Originally Posted by 2Questions
So your thought is that the differential of temp and humidity has to be more extreme for canvas use...and that a fabric less breathable will suffice to that point? This past weekend I used our 1.1oz calendered ripstop as a hammock topcover and condensation definitely freezes on the inside with a temp about 30°. Will M90 act any differently?
I guess it depends on whether weight is a factor. If you're pulling a pulk the extra weight of a canvas sock might not matter. The top half of my hammock sock-tent is Pertex Microlight, which I believe is similar to M90 in that the weave presents a lot more surface area on the outside so moisture that condenses on it and travels on the fibers by capillary action can evaporate (or freeze and then sublime) faster there. At least that's the theory, as I understand it. When we were at Mt. Rogers three years ago I had substantial frost on the outside of my sock in the area just over my head, but only a little bit on the inner surface. As you recall, that was with temps below zero. Up around 32 I've seen a lot more condensation, but that was liquid. I believe more moisture was on the outside, but it was hard to quantify.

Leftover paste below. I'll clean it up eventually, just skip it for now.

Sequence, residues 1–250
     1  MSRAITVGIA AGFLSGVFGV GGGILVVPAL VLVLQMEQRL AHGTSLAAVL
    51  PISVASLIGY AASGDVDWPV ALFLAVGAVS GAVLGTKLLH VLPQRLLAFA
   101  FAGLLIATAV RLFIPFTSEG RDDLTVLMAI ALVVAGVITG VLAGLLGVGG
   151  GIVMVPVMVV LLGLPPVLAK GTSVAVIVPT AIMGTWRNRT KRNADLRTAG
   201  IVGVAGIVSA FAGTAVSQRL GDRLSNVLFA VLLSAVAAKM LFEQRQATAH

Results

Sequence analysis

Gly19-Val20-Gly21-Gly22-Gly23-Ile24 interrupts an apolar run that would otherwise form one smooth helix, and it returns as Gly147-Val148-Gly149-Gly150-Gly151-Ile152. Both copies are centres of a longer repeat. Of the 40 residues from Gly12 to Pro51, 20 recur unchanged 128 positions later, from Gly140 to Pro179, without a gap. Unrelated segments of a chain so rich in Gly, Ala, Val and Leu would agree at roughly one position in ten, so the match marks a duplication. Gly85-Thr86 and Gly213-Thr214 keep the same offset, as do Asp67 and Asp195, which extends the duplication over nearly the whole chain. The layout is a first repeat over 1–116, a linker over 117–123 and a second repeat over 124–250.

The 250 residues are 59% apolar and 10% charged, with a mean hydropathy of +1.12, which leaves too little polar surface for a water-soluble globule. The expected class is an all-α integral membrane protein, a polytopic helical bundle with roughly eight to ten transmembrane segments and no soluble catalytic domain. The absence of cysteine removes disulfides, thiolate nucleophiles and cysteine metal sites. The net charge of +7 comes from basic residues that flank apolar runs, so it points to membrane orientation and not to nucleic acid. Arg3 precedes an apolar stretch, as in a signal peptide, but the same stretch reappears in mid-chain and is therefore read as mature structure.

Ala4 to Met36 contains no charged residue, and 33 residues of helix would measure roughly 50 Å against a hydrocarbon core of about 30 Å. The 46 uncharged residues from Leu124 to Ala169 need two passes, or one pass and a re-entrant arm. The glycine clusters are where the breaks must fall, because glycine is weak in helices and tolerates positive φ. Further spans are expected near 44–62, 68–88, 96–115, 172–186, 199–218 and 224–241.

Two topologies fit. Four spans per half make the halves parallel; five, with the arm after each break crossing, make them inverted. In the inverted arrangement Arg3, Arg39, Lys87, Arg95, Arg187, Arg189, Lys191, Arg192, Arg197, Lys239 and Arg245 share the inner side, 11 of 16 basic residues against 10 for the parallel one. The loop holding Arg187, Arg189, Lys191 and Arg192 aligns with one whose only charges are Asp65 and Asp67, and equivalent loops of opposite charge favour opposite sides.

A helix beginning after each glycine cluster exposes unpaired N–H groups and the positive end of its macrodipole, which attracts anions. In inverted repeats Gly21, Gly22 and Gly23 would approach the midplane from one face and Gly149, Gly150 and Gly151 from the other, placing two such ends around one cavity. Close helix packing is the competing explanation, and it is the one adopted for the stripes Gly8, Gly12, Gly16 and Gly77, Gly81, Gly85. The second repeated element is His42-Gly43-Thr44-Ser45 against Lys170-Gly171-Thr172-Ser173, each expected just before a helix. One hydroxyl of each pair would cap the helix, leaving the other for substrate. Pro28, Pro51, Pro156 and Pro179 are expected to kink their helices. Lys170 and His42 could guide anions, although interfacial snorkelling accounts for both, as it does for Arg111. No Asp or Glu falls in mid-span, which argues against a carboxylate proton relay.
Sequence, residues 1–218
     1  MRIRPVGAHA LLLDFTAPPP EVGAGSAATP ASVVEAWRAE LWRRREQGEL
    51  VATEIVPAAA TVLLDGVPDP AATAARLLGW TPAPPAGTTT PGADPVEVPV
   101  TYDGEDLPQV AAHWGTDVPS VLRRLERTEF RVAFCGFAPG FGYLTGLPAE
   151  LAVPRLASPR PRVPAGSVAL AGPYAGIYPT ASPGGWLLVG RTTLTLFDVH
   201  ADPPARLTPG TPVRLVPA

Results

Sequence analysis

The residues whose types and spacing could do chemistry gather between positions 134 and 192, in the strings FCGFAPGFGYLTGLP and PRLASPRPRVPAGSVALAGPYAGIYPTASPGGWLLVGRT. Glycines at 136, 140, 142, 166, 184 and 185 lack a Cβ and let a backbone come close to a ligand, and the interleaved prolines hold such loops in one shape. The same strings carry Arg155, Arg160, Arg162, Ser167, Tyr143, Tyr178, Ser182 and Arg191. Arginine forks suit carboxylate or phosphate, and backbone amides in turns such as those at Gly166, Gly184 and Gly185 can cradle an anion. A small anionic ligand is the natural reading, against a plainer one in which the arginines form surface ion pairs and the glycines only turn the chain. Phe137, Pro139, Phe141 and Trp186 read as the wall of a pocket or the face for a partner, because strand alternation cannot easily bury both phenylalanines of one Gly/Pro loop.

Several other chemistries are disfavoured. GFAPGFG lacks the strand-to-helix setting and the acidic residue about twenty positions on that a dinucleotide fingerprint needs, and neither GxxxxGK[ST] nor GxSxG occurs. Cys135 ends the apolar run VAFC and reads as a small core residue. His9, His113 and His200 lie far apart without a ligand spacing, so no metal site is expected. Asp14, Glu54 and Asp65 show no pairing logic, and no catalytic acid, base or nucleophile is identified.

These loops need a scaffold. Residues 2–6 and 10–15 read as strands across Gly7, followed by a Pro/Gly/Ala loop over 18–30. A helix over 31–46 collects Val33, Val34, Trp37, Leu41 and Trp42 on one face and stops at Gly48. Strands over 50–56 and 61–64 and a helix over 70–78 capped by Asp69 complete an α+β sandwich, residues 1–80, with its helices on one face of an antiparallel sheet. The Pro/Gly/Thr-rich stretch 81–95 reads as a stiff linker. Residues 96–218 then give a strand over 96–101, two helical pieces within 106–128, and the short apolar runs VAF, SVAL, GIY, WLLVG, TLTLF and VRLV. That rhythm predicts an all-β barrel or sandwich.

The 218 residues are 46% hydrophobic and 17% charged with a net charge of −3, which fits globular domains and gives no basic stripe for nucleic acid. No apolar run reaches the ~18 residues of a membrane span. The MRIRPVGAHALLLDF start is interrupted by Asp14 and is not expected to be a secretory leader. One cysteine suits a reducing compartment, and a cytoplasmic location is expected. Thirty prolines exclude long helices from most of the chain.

My question about using canvas primarily for extreme cold may not apply to socks used under tarps. I may have been thinking of canvas tents or anoraks used without additional waterproof layers. That's when you really don't want to have rain or even heavy wet snow.
That pretty well exhausts my knowledge of this. Fourdog? Help us!
By the way, with your 1.1 calendered ripstop, did you have the shiny side in?